As arranged by Strayhorn, there is no trace of the commercialized, Columbia, Clooney foghorn voice we heard on such of her hits as "Come on a My House" that was arranged by that label's talented, but very commercially oriented Mitch Miller. Strayhorn supposedly told Clooney, "Don't think of yourself as someone singing with an orchestra. Just pretend you're a girl getting ready for a date, an important date with someone you love, and you're really looking forward to it. And as you're brushing your hair, you hear Duke Ellington on the radio. Almost subconsciously, you start humming along with the band, not thinking at all about what you're singing."

The heavily-pregnant Clooney must have gotten what Strayhorn was saying, as the music is sophisticated, intimate, mellow, cool, with a late night sound. Sound quality was unusually good on the initial release, and remains high in the remastered release. "It Don't Mean a Thing," "Grieving, Hey Baby," and "Me and You," are generally considered among the singer's highlights on the album. Other highlights include two beautiful instrumentals, "Passion Flower," and the title song that Ellington wrote for Clooney: both feature Johnny Hodges, who had just returned to the orchestra.

However, to my ear, some of the cuts do have a dated, 1950's style; and some of Strayhorn's arrangements seem to echo those of his famous contemporary Nelson Riddle, who was making his name with Frank Sinatra, but had also worked with Clooney earlier in her career. In fact, I'm a girl who's been lucky enough to see Clooney twice in person, in her later years. Once at New York's World Financial Center, downtown: (it used to abut the World Trade Center, but it's still standing, alone, today), and once at Carnegie Hall (bless those acoustics). I'd have to say that, even considering the inevitable loss of voice that the singer had suffered since 1956, I preferred her later work: I found it warmer and gutsier. Of course, I'm no great jazz maven. Many of them do seem to consider this earlier album a great one. Guess it's a matter of individual taste.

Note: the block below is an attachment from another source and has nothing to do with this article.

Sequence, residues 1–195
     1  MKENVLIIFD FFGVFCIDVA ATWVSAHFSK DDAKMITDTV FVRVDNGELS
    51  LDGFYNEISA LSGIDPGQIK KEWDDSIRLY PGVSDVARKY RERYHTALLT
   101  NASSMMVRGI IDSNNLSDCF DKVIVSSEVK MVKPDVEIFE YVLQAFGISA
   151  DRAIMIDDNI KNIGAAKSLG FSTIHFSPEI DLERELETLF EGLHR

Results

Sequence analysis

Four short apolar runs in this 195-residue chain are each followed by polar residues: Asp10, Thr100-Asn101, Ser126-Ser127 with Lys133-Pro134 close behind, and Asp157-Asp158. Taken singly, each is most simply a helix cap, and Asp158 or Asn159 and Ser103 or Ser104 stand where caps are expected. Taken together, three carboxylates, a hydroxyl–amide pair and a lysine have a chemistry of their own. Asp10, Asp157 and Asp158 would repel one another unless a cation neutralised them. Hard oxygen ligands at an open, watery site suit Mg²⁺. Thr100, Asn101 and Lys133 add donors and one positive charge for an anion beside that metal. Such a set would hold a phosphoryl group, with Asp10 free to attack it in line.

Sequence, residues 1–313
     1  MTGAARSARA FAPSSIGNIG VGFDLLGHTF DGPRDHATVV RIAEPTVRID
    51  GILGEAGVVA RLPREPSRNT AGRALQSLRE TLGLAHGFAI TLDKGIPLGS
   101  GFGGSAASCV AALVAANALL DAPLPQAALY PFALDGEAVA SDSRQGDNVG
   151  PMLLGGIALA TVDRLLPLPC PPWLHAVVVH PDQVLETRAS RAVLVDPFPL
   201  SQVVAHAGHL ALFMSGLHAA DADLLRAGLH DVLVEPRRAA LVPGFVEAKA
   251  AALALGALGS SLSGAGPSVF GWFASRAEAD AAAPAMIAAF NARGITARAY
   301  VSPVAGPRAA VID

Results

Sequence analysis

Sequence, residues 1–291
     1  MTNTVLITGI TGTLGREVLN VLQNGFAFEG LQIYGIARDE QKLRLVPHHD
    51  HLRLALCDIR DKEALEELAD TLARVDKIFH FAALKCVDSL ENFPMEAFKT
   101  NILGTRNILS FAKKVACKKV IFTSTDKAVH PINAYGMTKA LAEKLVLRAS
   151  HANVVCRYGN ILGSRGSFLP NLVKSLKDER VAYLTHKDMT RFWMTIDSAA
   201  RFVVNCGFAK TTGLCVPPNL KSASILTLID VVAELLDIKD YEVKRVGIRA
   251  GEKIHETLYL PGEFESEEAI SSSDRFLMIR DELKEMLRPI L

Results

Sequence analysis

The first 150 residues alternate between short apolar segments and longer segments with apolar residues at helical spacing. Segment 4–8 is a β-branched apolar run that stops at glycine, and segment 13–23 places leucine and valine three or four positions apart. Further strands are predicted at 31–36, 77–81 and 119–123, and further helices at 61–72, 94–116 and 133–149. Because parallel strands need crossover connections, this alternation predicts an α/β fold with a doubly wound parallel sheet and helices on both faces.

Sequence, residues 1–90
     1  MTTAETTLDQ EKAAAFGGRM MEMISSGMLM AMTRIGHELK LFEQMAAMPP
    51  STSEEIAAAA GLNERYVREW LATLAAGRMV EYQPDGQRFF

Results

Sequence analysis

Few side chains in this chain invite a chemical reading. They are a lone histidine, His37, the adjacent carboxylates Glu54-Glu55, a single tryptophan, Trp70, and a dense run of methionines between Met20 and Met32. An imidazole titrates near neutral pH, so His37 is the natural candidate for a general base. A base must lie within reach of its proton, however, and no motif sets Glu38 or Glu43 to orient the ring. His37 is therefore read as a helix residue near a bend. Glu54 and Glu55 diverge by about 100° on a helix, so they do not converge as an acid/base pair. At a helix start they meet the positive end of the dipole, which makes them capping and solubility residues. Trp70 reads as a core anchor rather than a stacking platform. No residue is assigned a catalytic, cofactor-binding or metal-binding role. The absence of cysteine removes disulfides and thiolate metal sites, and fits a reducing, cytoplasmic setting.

Blue rose review
K. lord | minnesota | 06/26/2009
(4 out of 5 stars)

"i have enjoyed listening to this cd. rosemary clooney is one of the best female vocalists. i love listening to her singing jazz & of course w/ one of the greats, duke ellington. how can you go wrong with this combo??? it is a great listen!!"